Once-celebrated Canadian novelist Steven Galloway has just announced he’s suing 20 people for defamation, including Caralea Cole, the first woman to step forward and accuse him of sexual offenses three years ago. Galloway’s Kafkaesque nightmare began in 2015 at a Holiday Inn in Dayton, Ohio, where he’d traveled to give a lecture. He received an email from his employer, the University of British Columbia, informing him that he was being investigated for sexually assaulting a student—he was now under suspension from his position as chair of UBC Creative Writing program.
Needing to talk to someone, Galloway phoned a friend of 15 years, Annabel Lyon, who taught in his department. She hung up on him, but emailed him several hours later, asking him to call her. When he did, Lyon put him on speaker phone so two other UBC employees could listen in. During the conversation, one of those two employees called the Ohio police and told them Galloway was a danger to himself, although Galloway claims that he told them that he was not suicidal. The police arrived and called Lyon who, according to the police report, told them that the author was suicidal and would tell them anything to get his way. The police then took him, against his will, to a local hospital where they had him incarcerated on a 72-hour psychiatric remand. The author may not have been suicidal that day, but he was about to undergo an ordeal that would soon change that.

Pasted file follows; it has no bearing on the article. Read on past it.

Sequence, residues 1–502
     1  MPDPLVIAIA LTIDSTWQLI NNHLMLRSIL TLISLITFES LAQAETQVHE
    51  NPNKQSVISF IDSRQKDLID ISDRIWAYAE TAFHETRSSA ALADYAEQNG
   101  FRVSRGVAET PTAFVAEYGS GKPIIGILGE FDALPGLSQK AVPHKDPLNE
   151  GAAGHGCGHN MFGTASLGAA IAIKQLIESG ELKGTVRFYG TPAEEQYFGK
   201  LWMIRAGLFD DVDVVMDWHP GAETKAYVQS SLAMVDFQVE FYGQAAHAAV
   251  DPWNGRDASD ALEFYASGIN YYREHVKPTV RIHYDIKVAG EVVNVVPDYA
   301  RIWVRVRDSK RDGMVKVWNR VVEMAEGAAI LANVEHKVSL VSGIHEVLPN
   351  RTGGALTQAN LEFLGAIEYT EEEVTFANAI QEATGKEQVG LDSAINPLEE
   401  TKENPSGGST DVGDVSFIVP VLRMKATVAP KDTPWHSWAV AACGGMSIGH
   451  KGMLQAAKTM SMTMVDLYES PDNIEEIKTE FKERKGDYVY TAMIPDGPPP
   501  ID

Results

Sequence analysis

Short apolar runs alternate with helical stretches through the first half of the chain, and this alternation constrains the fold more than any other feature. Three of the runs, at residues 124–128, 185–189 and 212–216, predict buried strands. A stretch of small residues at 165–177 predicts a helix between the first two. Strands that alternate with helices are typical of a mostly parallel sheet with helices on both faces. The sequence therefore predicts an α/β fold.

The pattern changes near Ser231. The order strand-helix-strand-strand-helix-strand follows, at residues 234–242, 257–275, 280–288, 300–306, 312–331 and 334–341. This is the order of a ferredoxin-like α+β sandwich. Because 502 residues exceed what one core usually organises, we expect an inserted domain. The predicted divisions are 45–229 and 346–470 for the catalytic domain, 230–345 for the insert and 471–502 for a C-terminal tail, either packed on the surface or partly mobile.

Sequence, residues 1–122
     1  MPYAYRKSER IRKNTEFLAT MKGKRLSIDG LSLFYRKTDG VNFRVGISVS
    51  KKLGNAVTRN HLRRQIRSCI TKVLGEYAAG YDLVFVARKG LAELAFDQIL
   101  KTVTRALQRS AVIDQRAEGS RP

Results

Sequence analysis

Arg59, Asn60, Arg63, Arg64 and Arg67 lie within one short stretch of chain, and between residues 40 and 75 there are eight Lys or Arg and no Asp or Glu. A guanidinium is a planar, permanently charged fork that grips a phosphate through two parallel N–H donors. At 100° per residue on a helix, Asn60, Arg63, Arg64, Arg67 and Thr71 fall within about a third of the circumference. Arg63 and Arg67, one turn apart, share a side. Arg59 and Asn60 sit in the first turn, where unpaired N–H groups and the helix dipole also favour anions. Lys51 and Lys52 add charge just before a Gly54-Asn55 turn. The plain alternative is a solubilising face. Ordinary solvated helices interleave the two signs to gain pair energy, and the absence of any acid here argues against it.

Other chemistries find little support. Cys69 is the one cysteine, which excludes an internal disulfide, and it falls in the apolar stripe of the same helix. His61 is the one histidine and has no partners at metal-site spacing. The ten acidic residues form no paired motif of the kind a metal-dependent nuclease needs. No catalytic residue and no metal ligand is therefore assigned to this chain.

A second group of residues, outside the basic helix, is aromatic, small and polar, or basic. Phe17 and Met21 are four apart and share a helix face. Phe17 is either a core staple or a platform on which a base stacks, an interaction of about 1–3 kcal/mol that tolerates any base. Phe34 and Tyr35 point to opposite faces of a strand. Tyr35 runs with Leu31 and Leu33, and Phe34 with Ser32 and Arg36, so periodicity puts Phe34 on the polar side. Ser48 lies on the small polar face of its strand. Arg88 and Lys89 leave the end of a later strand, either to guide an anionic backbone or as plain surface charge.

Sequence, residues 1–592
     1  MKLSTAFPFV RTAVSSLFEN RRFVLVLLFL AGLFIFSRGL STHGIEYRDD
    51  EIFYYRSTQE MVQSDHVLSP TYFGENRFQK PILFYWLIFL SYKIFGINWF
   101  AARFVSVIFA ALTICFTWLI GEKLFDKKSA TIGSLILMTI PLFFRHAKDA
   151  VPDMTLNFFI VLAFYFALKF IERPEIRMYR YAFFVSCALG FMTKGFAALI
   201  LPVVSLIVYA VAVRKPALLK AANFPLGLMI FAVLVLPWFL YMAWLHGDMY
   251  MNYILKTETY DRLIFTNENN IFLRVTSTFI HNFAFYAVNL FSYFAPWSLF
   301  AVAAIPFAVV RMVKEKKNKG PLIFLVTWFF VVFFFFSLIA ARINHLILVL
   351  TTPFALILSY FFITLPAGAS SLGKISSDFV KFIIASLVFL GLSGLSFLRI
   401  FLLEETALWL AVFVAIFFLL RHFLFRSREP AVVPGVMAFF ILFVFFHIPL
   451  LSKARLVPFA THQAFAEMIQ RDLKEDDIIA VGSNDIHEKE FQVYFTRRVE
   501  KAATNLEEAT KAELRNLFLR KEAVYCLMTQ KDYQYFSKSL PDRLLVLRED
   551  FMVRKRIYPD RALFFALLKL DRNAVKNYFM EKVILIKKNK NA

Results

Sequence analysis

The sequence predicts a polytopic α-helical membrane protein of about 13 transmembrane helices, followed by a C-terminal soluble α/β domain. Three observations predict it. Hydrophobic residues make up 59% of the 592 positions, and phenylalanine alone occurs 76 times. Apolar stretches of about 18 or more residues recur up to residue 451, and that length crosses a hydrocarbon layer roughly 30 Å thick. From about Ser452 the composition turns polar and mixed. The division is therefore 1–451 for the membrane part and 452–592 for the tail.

Caralea Cole was known, to protect her anonymity, just as “MC” when she made her allegations. Despite the fact that there was no evidence to support MC’s accusations, a whispering campaign—although often more overt than mere whispering—began on campus based on the assumption that Galloway was guilty. The author’s reputation was soon trashed. UBC Dean of Arts, Gage Averill, posted a memo stating that he was acting in the interests of the “safety” of students and faculty, indicating that Galloway was an imminent danger. When he spoke to the media, Averill cited only “serious allegations.”